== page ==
Growing a business from the ground up can seem like an impossible task—one that needs time, energy, and most importantly, financial funding.
While there are plenty of options to choose from when it comes to raising capital, it can be an overwhelming decision to make when equity comes into play. It’s not uncommon for founders to give up ownership within their company to bring investors on board. The real question is, is this the only option for financing the beginning stages of a business?
Believe it or not, there is another way. It’s called non-dilutive funding, and we’re going to cover what this means and why it’s a key financial alternative for new business owners. But first, let’s take a look at its counterpart, dilutive funding.
What is dilutive capital?
Dilutive capital (or dilutive funding) is defined as any type of funding that requires a founder to give away equity (a piece of their company) to investors. Equity funding is the primary pre-seed or seed funding for startups because the company has nothing to trade but the company itself, AKA equity share.
The biggest advantage is there’s no scheduled repayment requirement. This type of backing is also beneficial to start-ups that need guidance from seasoned professionals; by working with angel investors or a venture capital firm, the company creators have a direct line to the business community.
The downside? Dilutive funding comes at a price. Not only are you giving away future profit shares, founders are also required to give up ownership to their investors. Sharing ownership means that founders have to share control over company direction, goals, and operations.
Dilutive funding investors often have ultra-high expectations when it comes to return. This can create conflicts down the line if the interest of the investors and the company doesn’t align.
What is non-dilutive capital?
As its name suggests, non-dilutive capital or non-dilutive funding does not require founders to give up ownership of their company, so the equity remains non-dilutive. Most non-dilutive capital requires repayment, but there are some exceptions as well—we’ll get to those later.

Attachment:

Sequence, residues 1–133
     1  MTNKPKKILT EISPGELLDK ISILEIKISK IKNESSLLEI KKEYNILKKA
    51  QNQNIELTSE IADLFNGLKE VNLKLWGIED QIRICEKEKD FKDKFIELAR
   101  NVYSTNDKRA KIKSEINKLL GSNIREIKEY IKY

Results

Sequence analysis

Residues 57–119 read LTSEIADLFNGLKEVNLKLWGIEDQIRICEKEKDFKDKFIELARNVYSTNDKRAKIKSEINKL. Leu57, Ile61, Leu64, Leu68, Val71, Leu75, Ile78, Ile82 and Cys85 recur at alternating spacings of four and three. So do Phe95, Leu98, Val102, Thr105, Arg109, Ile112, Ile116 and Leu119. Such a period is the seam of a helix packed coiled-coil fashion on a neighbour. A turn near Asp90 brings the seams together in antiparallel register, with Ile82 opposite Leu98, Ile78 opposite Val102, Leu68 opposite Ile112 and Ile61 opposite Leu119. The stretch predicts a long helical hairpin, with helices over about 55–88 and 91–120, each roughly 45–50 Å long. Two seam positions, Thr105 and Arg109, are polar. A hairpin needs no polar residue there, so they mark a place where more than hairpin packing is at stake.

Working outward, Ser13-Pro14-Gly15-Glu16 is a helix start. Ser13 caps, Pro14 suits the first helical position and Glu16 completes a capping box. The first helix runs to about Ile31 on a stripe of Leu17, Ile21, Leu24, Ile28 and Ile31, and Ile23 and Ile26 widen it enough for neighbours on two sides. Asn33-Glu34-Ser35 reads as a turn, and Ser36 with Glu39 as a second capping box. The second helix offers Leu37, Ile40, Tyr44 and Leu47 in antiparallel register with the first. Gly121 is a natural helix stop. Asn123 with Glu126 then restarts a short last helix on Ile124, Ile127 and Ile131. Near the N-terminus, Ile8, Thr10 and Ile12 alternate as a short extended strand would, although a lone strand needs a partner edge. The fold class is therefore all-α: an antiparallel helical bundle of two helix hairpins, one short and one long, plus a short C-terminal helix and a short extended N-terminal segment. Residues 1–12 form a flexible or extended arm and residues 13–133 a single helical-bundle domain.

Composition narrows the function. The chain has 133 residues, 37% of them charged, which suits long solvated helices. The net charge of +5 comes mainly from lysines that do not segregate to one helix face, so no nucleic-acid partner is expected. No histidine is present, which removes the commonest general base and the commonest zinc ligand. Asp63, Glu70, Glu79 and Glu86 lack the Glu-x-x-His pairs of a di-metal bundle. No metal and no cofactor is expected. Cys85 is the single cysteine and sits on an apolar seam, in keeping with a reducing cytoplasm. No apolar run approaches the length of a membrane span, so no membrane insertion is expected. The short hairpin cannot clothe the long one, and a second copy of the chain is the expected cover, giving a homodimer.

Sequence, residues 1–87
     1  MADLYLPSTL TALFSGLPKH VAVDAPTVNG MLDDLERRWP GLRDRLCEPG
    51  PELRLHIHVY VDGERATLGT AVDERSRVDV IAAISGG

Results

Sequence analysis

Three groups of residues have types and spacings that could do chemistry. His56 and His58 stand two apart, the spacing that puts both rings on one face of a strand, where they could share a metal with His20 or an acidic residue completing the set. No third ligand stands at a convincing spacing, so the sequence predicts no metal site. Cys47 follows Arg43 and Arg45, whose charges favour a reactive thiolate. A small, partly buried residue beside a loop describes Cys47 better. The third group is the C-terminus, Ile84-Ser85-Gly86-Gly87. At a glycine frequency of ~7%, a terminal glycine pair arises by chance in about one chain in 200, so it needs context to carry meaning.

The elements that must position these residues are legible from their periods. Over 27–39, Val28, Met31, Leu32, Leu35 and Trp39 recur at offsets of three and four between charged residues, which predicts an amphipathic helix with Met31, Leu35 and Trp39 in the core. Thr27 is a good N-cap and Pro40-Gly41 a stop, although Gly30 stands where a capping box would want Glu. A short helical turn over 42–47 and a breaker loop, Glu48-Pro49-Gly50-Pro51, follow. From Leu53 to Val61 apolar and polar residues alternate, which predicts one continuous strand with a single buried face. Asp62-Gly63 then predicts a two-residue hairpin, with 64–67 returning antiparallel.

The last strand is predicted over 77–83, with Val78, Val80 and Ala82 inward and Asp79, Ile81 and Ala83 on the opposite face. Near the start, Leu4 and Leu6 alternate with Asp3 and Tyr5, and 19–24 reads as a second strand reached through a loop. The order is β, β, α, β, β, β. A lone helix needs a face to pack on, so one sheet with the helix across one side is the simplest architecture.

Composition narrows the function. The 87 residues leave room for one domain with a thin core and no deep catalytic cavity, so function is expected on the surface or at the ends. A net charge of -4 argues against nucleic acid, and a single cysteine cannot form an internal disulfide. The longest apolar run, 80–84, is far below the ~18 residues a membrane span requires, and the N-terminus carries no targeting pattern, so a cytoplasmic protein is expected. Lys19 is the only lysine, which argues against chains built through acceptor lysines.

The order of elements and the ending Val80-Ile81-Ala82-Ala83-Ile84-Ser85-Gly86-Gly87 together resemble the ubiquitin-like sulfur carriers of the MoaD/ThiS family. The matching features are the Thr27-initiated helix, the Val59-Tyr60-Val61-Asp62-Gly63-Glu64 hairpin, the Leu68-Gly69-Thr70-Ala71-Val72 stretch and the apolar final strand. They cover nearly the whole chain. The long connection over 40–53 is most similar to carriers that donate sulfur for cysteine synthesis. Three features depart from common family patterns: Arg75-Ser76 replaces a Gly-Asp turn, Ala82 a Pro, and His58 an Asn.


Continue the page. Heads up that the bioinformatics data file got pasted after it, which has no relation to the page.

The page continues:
Six primary benefits of non-dilutive funding:
1. Founders maintain full control of the company
Non-dilutive funding doesn’t require giving ownership to investors. This is the most essential benefit for start-up founders, as they’ll retain 100% equity and full control of their company.
2. Founders maintain some to full control of the amount of funding
With a vast amount of non-dilutive funding options, founders have the ability to pick and choose what works best for their company. They’ll have overview and insight into the amount of funding and any interest or repayment schedule that comes along with it.
3. Short-term cash flow relief
Startups and companies in the beginning stages need cash—to buy inventory, build out products, hire team members, and buy equipment, etc.! Many non-dilutive arrangements work as advances, meaning founders will receive investment promptly to support marketing efforts, the launch of a new product, and more.
4. Quick capital for business needs
Unlike equity funding that typically takes months (if not years) to receive, some types of non-dilutive capital take as little as a few days to settle in the company account. Capital is a critical component for startups, as it coincides with the business’ ability to fund day-to-day operations and future growth.
5. Various payment options
Many non-dilutive arrangements allow for more flexibility in payment, as the payment amount is based on revenue. Slower periods of revenue mean lower payments!
Different types of non-dilutive funding:
Bank loans for startups work similarly to personal loans or other online lenders, however the approval process to confirm a viable business plan can be a difficult one. They’ll request completion of a lengthy application with information like credit score, business history, recurring revenue, and other documents to determine if your company is eligible.
- Favorable, tax-deductible interest rates
If you already have an existing business with an established financial history and good credit score, banks are more likely to provide ideal interest rates, because you are not a risk to take on.
- Security and established reputation
Working with a trusted bank for funding is low-risk, high reward. Many businesses in the beginning stages might feel more comfortable engaging with a household name for financing.
- Strict eligibility standards
Banks will not give out loans to just any business. They’ll need to know that your company is a low-risk investment for them, which means you’ll need to present an established revenue stream and growth plans.
- Lengthy application process
To determine eligibility, bank loans tend to require revenue forecasts, comprehensive business plans, financial history, and more. On top of that, banks will need to go through everything in detail, making the process a long and tiring one.
Popular business loans
- With a lower credit score requirement and multiple term lengths to choose from, Bluevine is a great option for small businesses (especially startups). They typically accept borrowers with as little as 6 months in business.
- A household name, Chase is a preferred SBA lender and startup friendly with no minimum thresholds for length of business.
Government or private grants
Federal grants or NPO grants are the only non-repayable funds out there. Awarded to businesses from the government, this type of lending is subject to intense rules and regulations, and availability depends on the federal budget.